What is a plant-based diet and why should you try it?
WHAT IS A WHOLE-FOOD, PLANT-BASED DIET?
A whole-food, plant-based diet is based on the following principles:
“Whole foods”: Natural foods that are not heavily processed. That means whole, unrefined, or minimally refined ingredients.
“Plant-based”: Food that comes from plants and is free of animal ingredients such as meat, milk, eggs, or honey.
There is overlap between whole-food, plant-based (WFPB) and vegan diets, but there are also some key differences. A vegan diet can include highly processed imitation meats and cheeses; a WFPB diet eschews these products in favor of whole or minimally processed, close-to-nature foods that make it easy to meet your nutritional needs.
THE FIVE FOOD GROUPS
Below is a quick overview of the major food categories you’ll enjoy on a plant-based diet, with examples. For a more detailed breakdown of what to eat on a WFPB diet, check out The Forks Over Knives Diet Explained.
Fruits: Any type of fruit including apple, bananas, grapes, strawberries, citrus fruits, etc.
Vegetables: Plenty of veggies including peppers, corn, lettuce, spinach, kale, peas, collards, etc.
Tubers: Root vegetables like potatoes, carrots, parsnips, sweet potatoes, etc.
Whole grains: Grains, cereals, and other starches in whole form, such as quinoa, brown rice, whole wheat, oats, popcorn, etc.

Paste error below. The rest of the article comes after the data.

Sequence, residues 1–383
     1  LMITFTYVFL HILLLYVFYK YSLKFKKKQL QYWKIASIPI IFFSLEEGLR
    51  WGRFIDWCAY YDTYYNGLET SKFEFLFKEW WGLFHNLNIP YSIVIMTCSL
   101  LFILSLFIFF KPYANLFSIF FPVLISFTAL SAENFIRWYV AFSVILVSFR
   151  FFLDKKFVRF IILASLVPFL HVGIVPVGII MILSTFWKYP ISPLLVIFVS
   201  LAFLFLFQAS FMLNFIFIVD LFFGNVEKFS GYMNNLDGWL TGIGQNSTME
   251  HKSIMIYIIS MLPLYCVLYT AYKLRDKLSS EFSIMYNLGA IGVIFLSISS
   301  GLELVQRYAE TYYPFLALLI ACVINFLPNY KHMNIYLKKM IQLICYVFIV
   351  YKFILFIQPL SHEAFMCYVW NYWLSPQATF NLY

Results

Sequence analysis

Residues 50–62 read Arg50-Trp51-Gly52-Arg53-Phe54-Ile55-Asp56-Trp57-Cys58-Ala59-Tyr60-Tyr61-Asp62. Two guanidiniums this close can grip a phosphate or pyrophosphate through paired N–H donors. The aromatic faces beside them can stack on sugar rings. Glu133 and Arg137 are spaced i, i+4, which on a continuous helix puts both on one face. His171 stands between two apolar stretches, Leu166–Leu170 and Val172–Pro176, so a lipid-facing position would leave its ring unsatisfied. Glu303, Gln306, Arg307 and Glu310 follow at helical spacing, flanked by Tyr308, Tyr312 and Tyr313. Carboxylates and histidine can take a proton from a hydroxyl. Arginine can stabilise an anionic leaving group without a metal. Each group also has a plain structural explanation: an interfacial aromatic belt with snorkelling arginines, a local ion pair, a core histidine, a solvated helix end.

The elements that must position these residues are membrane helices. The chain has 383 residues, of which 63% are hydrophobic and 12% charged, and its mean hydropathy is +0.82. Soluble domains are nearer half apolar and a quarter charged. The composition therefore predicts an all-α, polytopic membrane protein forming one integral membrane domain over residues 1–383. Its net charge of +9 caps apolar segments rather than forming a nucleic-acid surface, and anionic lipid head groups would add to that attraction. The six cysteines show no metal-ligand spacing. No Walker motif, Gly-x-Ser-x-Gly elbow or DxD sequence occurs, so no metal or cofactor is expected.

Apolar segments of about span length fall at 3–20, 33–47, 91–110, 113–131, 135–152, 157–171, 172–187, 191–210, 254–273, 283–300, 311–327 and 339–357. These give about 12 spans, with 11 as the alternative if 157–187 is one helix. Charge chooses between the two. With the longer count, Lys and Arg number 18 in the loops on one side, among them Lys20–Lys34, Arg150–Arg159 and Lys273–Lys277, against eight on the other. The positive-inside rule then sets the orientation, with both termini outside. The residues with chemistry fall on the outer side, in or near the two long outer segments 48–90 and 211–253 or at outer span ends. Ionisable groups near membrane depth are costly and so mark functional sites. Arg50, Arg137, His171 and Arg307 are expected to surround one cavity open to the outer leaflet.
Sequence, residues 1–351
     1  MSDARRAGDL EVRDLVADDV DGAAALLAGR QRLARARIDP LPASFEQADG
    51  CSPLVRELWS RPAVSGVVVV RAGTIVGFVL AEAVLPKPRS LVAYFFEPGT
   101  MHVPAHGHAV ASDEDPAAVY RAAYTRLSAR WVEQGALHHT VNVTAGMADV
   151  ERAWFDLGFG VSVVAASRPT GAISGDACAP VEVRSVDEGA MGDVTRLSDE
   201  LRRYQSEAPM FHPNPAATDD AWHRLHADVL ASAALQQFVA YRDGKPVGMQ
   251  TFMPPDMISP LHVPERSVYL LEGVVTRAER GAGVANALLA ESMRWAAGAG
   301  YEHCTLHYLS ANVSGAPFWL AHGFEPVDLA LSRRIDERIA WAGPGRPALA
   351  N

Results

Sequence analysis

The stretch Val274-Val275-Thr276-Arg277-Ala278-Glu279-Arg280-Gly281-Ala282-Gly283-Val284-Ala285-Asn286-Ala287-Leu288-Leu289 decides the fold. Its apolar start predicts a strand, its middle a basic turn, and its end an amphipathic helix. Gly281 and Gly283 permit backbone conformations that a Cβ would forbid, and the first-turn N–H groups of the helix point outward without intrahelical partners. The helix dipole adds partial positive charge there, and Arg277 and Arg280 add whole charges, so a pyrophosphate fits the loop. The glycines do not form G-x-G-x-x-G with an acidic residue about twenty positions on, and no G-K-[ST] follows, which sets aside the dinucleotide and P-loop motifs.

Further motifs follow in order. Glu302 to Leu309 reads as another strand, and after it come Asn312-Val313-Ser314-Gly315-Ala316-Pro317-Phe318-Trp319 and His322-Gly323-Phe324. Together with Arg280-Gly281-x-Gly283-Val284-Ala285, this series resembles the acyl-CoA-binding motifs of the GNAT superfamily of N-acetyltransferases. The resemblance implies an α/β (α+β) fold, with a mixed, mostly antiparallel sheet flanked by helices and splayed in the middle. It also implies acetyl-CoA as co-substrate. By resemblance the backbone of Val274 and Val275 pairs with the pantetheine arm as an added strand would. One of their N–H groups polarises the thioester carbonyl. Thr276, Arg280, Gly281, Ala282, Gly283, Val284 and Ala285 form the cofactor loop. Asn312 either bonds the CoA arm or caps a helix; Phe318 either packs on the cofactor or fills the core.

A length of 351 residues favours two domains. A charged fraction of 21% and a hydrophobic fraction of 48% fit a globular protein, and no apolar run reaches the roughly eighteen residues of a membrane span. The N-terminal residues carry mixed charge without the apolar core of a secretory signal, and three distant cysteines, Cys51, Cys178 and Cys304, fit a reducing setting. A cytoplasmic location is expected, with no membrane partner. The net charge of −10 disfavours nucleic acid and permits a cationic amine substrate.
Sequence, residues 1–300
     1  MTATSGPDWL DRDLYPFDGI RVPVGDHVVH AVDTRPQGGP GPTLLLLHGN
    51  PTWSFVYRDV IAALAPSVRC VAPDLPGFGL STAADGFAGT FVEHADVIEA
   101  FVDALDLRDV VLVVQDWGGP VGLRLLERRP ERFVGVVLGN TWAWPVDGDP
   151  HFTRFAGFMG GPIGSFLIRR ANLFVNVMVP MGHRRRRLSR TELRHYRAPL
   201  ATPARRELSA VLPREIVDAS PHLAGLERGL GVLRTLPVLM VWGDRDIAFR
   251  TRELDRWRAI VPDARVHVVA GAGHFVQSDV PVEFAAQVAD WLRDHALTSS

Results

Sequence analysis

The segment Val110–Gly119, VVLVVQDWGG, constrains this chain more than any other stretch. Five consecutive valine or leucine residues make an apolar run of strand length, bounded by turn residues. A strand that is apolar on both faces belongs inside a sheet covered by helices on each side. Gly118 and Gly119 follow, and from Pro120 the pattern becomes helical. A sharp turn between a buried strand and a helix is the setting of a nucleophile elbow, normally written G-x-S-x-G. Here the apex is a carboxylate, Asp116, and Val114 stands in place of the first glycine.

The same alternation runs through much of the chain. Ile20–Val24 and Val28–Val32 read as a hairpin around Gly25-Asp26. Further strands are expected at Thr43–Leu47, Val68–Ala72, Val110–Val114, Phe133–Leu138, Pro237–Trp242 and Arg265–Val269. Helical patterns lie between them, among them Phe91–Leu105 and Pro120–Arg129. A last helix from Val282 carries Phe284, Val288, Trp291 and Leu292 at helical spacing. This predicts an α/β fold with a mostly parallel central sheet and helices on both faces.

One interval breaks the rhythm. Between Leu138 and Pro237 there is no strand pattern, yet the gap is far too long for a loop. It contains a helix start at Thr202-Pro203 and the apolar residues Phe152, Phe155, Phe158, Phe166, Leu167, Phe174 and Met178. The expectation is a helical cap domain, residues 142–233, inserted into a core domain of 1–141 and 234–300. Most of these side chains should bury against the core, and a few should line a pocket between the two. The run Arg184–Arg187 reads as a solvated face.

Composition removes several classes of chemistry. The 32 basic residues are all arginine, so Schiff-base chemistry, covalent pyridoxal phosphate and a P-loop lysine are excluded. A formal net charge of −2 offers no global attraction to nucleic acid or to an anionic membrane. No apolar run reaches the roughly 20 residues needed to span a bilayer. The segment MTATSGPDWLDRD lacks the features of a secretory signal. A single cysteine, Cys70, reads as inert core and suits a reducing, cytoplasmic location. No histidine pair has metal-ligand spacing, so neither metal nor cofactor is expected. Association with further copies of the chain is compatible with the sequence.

Legumes: Beans of any kind, plus lentils, pulses, etc.
There are plenty of other foods you can also enjoy, including nuts, seeds, avocados, tofu, tempeh, whole-grain flours and breads, and plant-based milks. However, we recommend eating these foods in moderation, because they are more calorie-dense and can contribute to weight gain.
THE BENEFITS OF A WHOLE-FOOD, PLANT-BASED DIET
There are several major benefits to moving to plant-based nutrition, all supported by science. These benefits include:
Easy weight management: People who eat a plant-based diet tend to be leaner than those who don’t, and the diet makes it easy to lose weight and keep it off—without counting calories.
Disease prevention: Whole-food, plant-based eating can prevent, halt, and in some cases reverse chronic diseases. The scientific evidence is especially overwhelming when it comes to heart disease and diabetes, but research has also linked plant-based diets to lower rates of arthritis, improved liver function, and healthier kidneys.
A lighter environmental footprint: A plant-based diet places much less stress on the environment.
Read on for a deeper look at some of the key benefits of a whole-food, plant-based diet.
“Today I’m 80 pounds lighter. I have not had an asthma flare-up since I changed my diet. I’m now a long-distance runner, an athlete, an active musician, and the mom I want to be!”
EASY WEIGHT MANAGEMENT
If you’re looking to lose weight (and keep it off), a whole-food, plant-based diet is one of the most powerful tools at your disposal. Research shows that people who eat plant-based diets tend to be leaner than those who don’t. A 2020 review looked at 19 intervention studies—i.e., studies in which participants were assigned a diet for a specified period of time—and found that in each one, participants assigned to plant-based diets lost weight.